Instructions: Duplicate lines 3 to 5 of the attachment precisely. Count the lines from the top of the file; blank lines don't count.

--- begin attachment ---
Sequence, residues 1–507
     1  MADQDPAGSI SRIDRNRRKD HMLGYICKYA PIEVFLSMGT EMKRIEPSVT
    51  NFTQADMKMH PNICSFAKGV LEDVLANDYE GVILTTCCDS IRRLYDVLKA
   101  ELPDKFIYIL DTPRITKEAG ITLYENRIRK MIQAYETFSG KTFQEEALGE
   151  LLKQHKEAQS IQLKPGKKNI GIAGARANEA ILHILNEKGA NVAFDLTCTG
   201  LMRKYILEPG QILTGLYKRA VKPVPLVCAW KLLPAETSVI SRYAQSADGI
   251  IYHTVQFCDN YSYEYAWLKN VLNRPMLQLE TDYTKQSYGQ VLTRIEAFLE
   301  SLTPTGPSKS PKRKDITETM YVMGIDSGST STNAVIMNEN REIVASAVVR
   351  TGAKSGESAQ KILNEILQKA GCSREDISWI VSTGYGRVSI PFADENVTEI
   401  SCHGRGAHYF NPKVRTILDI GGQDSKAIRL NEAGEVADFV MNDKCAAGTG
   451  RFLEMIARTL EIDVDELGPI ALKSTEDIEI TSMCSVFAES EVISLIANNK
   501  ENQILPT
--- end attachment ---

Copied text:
    51  NFTQADMKMH PNICSFAKGV LEDVLANDYE GVILTTCCDS IRRLYDVLKA
   101  ELPDKFIYIL DTPRITKEAG ITLYENRIRK MIQAYETFSG KTFQEEALGE
   151  LLKQHKEAQS IQLKPGKKNI GIAGARANEA ILHILNEKGA NVAFDLTCTG